In the lead up to the Fourth of July, we’ve asked a handful of our favorite florists and event specialists to give us a glimpse into some inspired Fourth of July bouquets and tablescapes that they’ve created.
Wherever you’ll be celebrating this weekend, there are ideas in here for everyone—from a bustling patriotic wreath by the former Chief Floral Designer at the White House to a variety of table-ready bouquets in small tin cans by Floresta NYC. And if you’re having an appropriately small gathering—with social distancing in mind, of course—you can take inspiration from the chic red-white-and-blue tablescapes of The Bridgehampton Florist and Chefanie’s Stephanie Nass.
While this year may not be the blow-out Fourth of July you’re used to, with bustling social activity, there are plenty of ideas here to help you get creative on any scale. Read on to learn from the best!
As Chief Floral Designer for the White House from 2009 to 2015, Laura Dowling managed floral design for thousands of official and private events including state dinners, parties and receptions as well as large-scale installations for holidays such as the White House Christmas and the Fourth of July.
Dowling’s approach springs from the belief that flowers serve more purpose than simply being used as decorative objects. They can convey diplomatic messages, cultural meaning, and symbolism. To go deeper on the subject, check out her book (one of several), Floral Diplomacy, her TED Talk, or her Flower Podcast.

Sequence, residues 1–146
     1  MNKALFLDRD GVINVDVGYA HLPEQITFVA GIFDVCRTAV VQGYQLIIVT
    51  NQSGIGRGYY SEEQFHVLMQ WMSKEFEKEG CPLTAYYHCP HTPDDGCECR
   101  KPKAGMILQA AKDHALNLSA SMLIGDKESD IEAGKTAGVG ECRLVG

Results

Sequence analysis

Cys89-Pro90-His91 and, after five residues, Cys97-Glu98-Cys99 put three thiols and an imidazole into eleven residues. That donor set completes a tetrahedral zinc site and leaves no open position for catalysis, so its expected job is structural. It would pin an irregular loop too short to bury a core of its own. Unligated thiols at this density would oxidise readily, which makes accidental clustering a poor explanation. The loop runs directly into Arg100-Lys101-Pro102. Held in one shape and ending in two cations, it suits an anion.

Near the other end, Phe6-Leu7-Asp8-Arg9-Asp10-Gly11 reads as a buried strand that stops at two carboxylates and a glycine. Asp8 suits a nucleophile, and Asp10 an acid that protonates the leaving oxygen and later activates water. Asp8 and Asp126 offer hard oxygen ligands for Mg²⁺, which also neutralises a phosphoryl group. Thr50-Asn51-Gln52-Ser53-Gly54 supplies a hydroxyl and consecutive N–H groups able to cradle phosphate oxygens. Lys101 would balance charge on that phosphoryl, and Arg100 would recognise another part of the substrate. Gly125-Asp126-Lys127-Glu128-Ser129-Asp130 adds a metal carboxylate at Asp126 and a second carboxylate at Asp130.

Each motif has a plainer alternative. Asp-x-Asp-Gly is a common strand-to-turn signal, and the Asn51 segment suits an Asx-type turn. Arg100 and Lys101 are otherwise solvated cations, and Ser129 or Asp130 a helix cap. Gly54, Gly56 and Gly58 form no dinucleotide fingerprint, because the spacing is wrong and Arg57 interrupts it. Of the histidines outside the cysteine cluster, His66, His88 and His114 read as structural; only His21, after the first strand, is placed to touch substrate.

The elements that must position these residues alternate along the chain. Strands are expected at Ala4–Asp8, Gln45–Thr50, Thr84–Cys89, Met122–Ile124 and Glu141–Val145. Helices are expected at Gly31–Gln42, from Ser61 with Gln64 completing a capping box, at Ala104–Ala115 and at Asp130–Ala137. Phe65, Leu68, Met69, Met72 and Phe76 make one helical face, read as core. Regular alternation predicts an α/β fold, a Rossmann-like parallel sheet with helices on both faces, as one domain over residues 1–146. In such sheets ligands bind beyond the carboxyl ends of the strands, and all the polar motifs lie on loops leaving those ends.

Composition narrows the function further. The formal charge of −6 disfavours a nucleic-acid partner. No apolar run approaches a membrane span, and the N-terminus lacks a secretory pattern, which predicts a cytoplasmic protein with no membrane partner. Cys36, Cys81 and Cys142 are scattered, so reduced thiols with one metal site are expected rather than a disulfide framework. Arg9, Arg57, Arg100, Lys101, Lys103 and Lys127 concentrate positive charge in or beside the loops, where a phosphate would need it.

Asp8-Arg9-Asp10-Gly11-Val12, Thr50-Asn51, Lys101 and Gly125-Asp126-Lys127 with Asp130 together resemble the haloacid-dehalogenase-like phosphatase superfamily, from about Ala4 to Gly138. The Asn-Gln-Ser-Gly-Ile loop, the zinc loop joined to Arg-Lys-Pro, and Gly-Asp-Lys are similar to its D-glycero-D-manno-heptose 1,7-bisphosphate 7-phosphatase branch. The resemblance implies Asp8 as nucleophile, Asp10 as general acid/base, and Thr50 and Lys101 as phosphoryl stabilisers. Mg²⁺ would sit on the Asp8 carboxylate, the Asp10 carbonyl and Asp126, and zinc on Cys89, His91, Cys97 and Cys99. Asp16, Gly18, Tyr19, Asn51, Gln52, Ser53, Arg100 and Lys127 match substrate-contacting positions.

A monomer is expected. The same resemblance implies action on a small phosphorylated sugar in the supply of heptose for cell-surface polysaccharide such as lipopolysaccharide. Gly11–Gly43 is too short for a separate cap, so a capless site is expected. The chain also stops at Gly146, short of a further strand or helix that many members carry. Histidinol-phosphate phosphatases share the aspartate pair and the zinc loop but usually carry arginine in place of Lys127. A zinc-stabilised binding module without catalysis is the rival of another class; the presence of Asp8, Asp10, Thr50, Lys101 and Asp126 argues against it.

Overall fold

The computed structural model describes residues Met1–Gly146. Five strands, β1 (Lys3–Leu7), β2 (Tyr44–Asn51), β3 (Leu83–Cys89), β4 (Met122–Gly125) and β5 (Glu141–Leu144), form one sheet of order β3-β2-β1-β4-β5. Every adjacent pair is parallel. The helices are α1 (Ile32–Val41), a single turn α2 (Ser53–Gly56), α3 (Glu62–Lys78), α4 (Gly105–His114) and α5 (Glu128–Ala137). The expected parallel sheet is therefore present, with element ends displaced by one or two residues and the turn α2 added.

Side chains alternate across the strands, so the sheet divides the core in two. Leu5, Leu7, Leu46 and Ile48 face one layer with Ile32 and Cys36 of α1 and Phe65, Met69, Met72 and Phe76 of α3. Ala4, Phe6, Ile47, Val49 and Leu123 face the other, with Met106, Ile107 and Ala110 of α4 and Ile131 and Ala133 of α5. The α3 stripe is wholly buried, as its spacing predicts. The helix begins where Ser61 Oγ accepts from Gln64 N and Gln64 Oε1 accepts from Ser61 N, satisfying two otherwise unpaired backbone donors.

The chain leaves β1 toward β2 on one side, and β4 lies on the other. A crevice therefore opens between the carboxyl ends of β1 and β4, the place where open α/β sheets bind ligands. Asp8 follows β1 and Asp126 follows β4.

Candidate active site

Dowling shares with us a couple of her favorite Fourth of July and patriotic images: the first, a patriotic wreath of red, white and blue; the second, an all-American ‘cherry pie’ bouquet featuring a ‘woven crust’ of craft paper and mixed summer flowers.
It doesn’t get more American than that.
The floral design duo of Michael Grim and Jim Osburn have been an integral part of the Hamptons community for over three decades. Their impeccable taste and affable nature has garnered praise from fans including Christie Brinkley and Julie Andrews. But don’t take it from us. Here’s Andrews’ testimonial:
“If you are looking for flowers that your guests will be talking about long after their visit, there is no better choice in my book than The Bridgehampton Florist.From a singular bloom to a riotous arrangement, from the simplest country bouquet to sophisticated gala chic, BH Florist has no equal.”
Caterer and culinary influencer Stephanie Nass, who goes by the professional moniker of ‘Chefanie’ studied her craft in France before earning her Grand Diplôme in Professional Culinary arts at the International Culinary Center in New York City.
In 2019, Chefanie launched her own line of stylish and sometimes tongue-in-cheek tableware and accessories to make it easier for you to give your holiday tables a quick lift.
For the fourth of July, Nass offers a variety of tips for decorating from selecting napkins and tablecloths to centerpieces.
With respect to flowers, she says, “Pick something seasonal, either from your garden or from the florist. Seasonal flowers are always less expensive because they are grown in abundance!”
She suggests putting white hydrangeas from your garden into a wicker basket or placing red roses in a blue and white urn. Sounds simple and easy-going, just what we need this year.